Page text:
Star analyst at Citic probed over disclosing inside information on WeChat
Information circulated on mobile messaging service sparks investigation at Citic Securities
A star analyst with Citic Securities is being investigated for disclosing inside information about Livzon Pharmaceutical Group through a mobile messaging communication service, in the latest sign that the mainland securities regulator is stepping up policing of the stock market.
On June 6, Zhang Mingfang told fund managers and industry officials about Livzon's pending equity incentive plan in several chat groups through WeChat.
The China Securities Regulatory Commission has launched a probe into Zhang's behaviour.
A Citic Securities official told the South China Morning Post that Zhang was suspended from her duties to assist the probe.
The CSRC has yet to reply to the Post 's written inquiry about the case.
Livzon, listed in Shenzhen and Hong Kong, said in a statement board secretary Li Rucai had resigned for personal reasons, without elaborating. Neither Zhang nor Li could be reached for comment.
The company also said it had delayed the implementation of the incentive scheme to protect shareholders' interests.
"This case will push the regulator to strengthen oversight on the market," a source close to the CSRC said. "The regulator has been aware of malpractices involving leaks and improper sharing of firms' inside information."
On the mainland, fund managers and star analysts with powerful brokerages are described as "in-the-know sources" as they can access information on companies' major deals and decisions before public announcements.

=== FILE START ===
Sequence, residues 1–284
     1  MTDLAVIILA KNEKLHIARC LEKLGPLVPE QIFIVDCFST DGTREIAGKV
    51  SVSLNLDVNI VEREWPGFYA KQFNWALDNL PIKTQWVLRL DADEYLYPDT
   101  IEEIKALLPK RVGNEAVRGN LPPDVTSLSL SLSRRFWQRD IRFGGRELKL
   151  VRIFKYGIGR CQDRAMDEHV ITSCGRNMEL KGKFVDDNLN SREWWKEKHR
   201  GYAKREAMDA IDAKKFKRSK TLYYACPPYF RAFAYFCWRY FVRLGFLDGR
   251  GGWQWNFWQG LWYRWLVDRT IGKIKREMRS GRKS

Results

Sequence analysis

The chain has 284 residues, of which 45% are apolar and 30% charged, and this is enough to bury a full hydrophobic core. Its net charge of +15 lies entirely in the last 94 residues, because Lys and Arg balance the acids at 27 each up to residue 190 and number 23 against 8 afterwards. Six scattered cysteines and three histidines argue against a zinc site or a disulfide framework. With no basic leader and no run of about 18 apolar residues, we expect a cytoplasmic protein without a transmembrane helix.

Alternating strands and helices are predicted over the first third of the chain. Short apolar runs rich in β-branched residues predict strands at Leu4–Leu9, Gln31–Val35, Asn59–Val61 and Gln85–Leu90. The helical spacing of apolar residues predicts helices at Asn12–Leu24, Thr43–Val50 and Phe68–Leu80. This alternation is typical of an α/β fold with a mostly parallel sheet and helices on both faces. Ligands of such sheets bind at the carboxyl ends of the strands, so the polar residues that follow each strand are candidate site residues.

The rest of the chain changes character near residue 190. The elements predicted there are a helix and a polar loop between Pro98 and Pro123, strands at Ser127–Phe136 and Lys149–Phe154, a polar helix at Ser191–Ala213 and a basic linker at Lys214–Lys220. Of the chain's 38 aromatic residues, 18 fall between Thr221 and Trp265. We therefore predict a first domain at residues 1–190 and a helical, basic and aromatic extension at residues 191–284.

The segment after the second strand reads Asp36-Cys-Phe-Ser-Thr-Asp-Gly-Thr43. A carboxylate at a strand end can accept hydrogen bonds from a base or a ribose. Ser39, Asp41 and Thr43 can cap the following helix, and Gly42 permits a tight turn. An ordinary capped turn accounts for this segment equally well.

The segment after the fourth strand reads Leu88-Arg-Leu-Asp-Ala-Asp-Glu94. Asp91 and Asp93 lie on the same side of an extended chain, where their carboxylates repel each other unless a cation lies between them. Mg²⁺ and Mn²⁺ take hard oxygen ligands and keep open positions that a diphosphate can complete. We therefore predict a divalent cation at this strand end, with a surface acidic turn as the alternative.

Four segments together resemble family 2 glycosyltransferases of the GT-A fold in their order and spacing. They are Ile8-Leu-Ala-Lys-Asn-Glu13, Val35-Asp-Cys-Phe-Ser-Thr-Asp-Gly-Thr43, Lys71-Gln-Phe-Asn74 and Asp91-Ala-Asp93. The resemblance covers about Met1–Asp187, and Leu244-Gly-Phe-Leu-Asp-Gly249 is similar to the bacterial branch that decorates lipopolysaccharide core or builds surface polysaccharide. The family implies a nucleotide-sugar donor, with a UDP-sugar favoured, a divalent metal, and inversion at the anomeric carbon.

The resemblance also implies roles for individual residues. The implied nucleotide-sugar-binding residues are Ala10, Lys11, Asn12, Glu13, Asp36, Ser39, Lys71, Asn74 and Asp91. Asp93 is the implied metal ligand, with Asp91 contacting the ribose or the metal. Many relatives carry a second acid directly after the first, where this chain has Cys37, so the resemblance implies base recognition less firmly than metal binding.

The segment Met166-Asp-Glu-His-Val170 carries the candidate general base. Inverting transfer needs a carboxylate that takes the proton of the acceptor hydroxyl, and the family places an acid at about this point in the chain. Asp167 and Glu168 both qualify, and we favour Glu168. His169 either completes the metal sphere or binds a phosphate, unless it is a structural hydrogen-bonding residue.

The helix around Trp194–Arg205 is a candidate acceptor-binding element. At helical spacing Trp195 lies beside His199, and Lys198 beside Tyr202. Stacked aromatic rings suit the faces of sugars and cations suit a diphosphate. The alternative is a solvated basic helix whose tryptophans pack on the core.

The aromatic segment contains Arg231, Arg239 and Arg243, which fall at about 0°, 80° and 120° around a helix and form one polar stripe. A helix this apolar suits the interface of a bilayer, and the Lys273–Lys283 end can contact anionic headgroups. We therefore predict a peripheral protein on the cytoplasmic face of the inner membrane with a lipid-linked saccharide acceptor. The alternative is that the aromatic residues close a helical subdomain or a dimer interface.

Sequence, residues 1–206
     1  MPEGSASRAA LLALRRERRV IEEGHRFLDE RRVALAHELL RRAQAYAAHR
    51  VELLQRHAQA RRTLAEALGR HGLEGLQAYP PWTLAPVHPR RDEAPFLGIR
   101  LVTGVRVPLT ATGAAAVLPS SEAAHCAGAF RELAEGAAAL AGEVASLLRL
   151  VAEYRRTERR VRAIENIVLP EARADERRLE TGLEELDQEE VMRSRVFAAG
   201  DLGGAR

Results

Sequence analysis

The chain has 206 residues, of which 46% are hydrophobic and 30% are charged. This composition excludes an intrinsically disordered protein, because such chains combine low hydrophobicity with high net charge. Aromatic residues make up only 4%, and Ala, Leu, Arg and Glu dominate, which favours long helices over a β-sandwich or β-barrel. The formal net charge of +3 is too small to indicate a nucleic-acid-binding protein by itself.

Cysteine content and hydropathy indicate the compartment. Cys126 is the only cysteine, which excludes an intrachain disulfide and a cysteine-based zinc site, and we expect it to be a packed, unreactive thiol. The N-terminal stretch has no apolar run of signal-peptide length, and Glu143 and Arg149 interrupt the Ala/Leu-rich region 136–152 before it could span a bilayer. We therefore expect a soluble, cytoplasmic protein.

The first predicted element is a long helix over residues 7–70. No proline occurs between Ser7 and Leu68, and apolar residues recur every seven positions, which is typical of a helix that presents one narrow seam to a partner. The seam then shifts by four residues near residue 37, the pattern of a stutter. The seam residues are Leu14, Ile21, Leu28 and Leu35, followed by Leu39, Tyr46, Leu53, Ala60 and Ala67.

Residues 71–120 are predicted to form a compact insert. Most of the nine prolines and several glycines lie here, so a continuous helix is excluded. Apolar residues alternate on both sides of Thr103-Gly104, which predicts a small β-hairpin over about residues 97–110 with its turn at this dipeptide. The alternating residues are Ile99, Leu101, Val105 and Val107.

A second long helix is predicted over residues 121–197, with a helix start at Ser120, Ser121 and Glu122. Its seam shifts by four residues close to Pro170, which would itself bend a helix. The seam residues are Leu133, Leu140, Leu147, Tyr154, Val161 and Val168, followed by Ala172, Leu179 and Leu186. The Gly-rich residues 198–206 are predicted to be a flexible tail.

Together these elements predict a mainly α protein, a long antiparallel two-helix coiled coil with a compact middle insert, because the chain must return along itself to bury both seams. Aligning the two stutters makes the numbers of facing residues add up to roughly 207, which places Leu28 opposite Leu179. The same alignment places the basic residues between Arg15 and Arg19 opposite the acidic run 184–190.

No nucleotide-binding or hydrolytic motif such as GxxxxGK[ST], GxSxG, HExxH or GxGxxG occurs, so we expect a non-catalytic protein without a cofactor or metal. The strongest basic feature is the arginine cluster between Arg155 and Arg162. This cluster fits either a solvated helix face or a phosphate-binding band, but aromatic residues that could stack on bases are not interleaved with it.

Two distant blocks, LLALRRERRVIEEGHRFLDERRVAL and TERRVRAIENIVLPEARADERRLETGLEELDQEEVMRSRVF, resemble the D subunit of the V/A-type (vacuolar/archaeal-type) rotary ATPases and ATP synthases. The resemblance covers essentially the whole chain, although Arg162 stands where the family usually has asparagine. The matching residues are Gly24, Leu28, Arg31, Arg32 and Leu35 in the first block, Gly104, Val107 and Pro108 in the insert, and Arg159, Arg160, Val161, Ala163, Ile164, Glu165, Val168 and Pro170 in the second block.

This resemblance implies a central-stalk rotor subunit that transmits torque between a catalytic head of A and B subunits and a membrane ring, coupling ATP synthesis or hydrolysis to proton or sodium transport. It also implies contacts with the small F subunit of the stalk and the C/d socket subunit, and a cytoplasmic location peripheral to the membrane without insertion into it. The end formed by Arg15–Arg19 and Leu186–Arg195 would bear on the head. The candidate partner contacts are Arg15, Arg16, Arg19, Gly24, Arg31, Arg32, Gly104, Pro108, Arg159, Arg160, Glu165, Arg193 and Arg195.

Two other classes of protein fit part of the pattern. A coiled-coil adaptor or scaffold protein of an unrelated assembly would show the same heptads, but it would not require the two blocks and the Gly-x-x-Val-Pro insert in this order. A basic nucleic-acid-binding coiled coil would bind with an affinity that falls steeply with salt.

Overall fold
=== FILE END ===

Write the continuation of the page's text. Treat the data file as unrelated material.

Some employees take advantage of the information to make a quick buck on the stock market. The regulator had been turning a blind eye to the practice over the past two decades. But CSRC chairman Xiao Gang has made clear his determination to weed out market irregularities since taking office in March last year.
The regulator is now waging a nationwide campaign to expose unethical fund managers, who use relatives' accounts to trade shares.
With the CSRC vowing zero tolerance on illegal practices, fund managers have become increasingly self-disciplined.
Several fund managers informed by Zhang of Livzon's incentive scheme publicly complained that the improper release of information on chat groups would eventually embroil them in regulatory investigations.
"It is obviously not a one-off case," Shanghai-based hedge fund manager Dong Jun said. "Sharing inside information among company executives and fund managers is not unusual."
In 2008, a case involving Hangxiao Steel Structure exposed the insider trading problem to the public, with three people, including two senior company officials, jailed. That was the first time officials of a listed firm were jailed for such an offence.